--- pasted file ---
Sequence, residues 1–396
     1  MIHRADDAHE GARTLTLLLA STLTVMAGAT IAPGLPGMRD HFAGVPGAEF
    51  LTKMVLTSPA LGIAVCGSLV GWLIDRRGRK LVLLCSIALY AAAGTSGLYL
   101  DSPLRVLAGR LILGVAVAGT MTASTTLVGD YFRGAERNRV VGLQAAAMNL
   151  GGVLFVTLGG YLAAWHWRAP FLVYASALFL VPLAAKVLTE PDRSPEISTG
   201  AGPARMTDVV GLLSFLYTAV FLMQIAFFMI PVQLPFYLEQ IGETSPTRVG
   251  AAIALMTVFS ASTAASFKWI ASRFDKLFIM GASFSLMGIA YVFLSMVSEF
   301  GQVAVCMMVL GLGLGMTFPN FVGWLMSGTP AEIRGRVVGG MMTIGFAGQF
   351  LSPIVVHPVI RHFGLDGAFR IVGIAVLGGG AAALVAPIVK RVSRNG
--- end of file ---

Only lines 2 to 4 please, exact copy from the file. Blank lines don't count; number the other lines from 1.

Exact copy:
     1  MIHRADDAHE GARTLTLLLA STLTVMAGAT IAPGLPGMRD HFAGVPGAEF
    51  LTKMVLTSPA LGIAVCGSLV GWLIDRRGRK LVLLCSIALY AAAGTSGLYL
   101  DSPLRVLAGR LILGVAVAGT MTASTTLVGD YFRGAERNRV VGLQAAAMNL